Friday, April 10, 2015

Henry Nau
Noon, 120 Mershon Center, 1501 Neil Ave.

Henry Nau is professor of political science and international affairs at the Elliott School of International Affairs, George Washington University. He directs (since 2013 co-directs) the U.S.-Japan-South Korea Legislative Exchange Program, semiannual meetings between members of the U.S. Congress, Japanese Diet, and Korean National Assembly. His latest book is Conservative Internationalism: Armed Diplomacy Under Jefferson, Polk, Truman, and Reagan (Princeton, 2013). From January 1981 to July 1983, Nau served on President Reagan's National Security Council as senior staff member responsible for international economic affairs. Among other duties, he was the White House sherpa for the annual G-7 Economic Summits at Ottawa (1981), Versailles (1982), and Williamsburg (1983) and a special summit with developing countries at Cancun, Mexico (1982). Read more and register at
Featured News
Mershon event archives
Mershon Center events live on through recorded archives


Each year, the Mershon Center for International Security Studies holds about 50 speaker events and conferences that reach more than 3,000 attendees from across Ohio State and the Central Ohio community.

Besides attending an event in person, you may also be able to view it on streaming video and podcast, provided the speaker has given permission to record the event. Over the past 10 years, the Mershon Center has built a library of almost 500 event recordings, which are available in two areas:

  • Events from Fall 2008 forward are available under Events on the Mershon Center website at You can browse by month using the dropdown menu to the left on the Events page, or search for a speaker name or keyword in the website search function.
  • All past events are available in the Mershon Center community of the Knowledge Bank, an online university archive. You can browse the Events section of the community or search by name or keyword at You can also access the Knowledge Bank by clicking on the link in the footer of every page on the Mershon Center website.

The Mershon Center event recordings drastically increase the number of people in the center's audience every year. In 2012-13, for example, almost 6,000 people in 31 countries watched almost 14,000 streaming videos and downloaded almost 80,000 podcasts of Mershon events.

Other Events
Friday, March 27, 2015

I/S Journal Symposium
"The Future of Internet Regulation"
8:30 a.m.-5 p.m., Saxbe Auditorium, Drinko Hall, 55 W. 12th Ave.
Presented by Moritz College of Law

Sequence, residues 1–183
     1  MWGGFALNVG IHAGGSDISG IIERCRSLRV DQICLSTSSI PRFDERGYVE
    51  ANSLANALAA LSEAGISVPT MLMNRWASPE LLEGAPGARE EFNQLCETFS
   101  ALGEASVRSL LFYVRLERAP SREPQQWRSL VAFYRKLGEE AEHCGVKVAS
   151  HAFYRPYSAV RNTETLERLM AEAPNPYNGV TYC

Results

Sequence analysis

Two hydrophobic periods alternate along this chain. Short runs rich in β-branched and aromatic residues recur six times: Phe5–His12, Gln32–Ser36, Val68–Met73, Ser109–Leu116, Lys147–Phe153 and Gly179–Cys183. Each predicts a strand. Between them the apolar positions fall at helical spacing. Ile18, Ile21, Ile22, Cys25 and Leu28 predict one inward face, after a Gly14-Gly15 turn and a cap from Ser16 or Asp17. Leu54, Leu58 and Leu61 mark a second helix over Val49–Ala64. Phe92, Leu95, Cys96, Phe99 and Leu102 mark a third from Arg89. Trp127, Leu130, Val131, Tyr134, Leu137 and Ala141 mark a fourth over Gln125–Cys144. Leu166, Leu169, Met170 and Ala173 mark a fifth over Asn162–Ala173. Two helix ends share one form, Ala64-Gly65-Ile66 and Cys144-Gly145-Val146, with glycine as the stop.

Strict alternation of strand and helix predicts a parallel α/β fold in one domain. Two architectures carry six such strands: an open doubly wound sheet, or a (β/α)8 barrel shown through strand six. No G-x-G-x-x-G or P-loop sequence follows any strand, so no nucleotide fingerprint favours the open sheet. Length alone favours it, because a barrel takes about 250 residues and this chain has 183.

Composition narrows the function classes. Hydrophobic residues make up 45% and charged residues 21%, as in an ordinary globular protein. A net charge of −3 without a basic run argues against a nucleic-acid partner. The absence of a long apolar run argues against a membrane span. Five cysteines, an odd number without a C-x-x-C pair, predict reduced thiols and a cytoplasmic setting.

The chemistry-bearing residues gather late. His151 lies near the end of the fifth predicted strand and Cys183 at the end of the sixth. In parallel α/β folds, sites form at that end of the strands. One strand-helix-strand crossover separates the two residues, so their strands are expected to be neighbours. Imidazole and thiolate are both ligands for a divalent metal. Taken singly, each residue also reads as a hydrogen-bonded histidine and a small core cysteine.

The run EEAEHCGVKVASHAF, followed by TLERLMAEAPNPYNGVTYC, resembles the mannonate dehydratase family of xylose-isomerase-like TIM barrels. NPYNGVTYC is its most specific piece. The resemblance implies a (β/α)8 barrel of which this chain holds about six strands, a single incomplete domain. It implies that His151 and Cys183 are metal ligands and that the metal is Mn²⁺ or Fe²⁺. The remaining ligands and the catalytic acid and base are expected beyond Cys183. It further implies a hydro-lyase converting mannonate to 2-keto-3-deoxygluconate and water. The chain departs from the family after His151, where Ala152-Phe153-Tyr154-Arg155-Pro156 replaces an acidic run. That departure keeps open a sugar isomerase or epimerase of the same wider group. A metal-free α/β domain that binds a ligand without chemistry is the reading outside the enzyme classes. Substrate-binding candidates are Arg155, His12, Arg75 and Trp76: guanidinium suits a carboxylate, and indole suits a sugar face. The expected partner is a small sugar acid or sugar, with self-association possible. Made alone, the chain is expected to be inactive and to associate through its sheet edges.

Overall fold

The Federal Communications Commission (FCC) is in the midst of an "open networks" rule making process. So far, it has drawn more than 1.1 million public comments. Why? Because the Internet is the central communications medium of our time. It presents unprecedented opportunities and challenges in virtually every domain of social, economic, political, and cultural life. How governments respond to this issue will have enormous impacts.


Tom Wheeler, Chairman of the FCC, will present the opening policy keynote at "The Future of Internet Regulation," a public symposium hosted by I/S: A Journal of Law and Policy for the Information Society. Following Chairman Wheeler's speech, panels of distinguished academics will discuss such critical issues as net neutrality, Internet freedom, and the future of Internet governance. The day will conclude with a lecture by William Dutton, formerly the founding director of the Oxford Internet Institute. 


Admission is free, and lunch will be provided to advance registrants. Read more and register

Other News
'Origins' examines historical debate over police violence


Origins has published its new article: "From Harlem to Ferguson: LBJ's War on Crime and America's Prison Crisis," by Michael Flamm.


The recent and tragic deaths of young black men at the hands of police in Ferguson, Missouri; Staten Island, New York; and suburban Dayton, Ohio, have forced a national conversation about the relationship between policing and race in the United States. This month historian Michael Flamm roots our current debate over police violence, racial discrimination, and mass incarceration in the "War on Crime" declared by President Lyndon Johnson 50 years ago this year. The whole article can be found at


About Origins: Origins: Current Events in Historical Perspective is a monthly ad-free magazine that features top scholars on today's most pressing topics. Published by The Ohio State History Department, its authors include National Book Award winners and world-renowned scholars. You can also explore reviews of popular history books on the Origins website as well as the new monthly feature Milestones.

Fulbright-Hays competition now open for grant support


The Office of International Affairs is seeking applicants for the U.S. Department of State's Fulbright-Hays Doctoral Dissertation Research Abroad program. These grants provide support for advanced graduate students studying modern foreign languages and area studies. 


All doctoral degree candidates proposing full-time dissertation research abroad on topics that develop research knowledge and capabilities in world areas not commonly taught in U.S. institutions must apply to the Office of International Affairs by Friday, April 17


Grants support field research of six to 12 months in duration. Eligibility is restricted to students who possess the requisite language skills for the dissertation project, and who are U.S. citizens or permanent residents. 


To learn more about the application process, contact Joanna Kukielka-Blaser at or visit